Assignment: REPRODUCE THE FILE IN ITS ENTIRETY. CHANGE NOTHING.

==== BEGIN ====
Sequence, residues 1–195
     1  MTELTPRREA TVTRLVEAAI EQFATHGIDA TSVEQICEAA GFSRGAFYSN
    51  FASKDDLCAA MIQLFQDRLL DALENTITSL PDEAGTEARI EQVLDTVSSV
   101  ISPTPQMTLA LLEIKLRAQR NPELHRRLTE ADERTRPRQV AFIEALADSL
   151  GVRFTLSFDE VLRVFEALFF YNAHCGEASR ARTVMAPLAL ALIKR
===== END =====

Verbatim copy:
Sequence, residues 1–195
     1  MTELTPRREA TVTRLVEAAI EQFATHGIDA TSVEQICEAA GFSRGAFYSN
    51  FASKDDLCAA MIQLFQDRLL DALENTITSL PDEAGTEARI EQVLDTVSSV
   101  ISPTPQMTLA LLEIKLRAQR NPELHRRLTE ADERTRPRQV AFIEALADSL
   151  GVRFTLSFDE VLRVFEALFF YNAHCGEASR ARTVMAPLAL ALIKR